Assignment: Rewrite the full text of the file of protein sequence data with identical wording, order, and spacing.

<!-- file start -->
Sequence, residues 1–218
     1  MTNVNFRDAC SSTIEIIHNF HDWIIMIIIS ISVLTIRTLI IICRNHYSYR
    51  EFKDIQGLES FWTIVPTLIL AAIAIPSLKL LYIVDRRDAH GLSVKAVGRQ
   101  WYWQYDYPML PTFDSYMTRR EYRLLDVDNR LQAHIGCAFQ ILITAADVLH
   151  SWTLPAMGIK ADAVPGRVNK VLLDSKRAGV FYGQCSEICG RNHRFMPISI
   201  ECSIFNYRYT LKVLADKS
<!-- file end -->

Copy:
Sequence, residues 1–218
     1  MTNVNFRDAC SSTIEIIHNF HDWIIMIIIS ISVLTIRTLI IICRNHYSYR
    51  EFKDIQGLES FWTIVPTLIL AAIAIPSLKL LYIVDRRDAH GLSVKAVGRQ
   101  WYWQYDYPML PTFDSYMTRR EYRLLDVDNR LQAHIGCAFQ ILITAADVLH
   151  SWTLPAMGIK ADAVPGRVNK VLLDSKRAGV FYGQCSEICG RNHRFMPISI
   201  ECSIFNYRYT LKVLADKS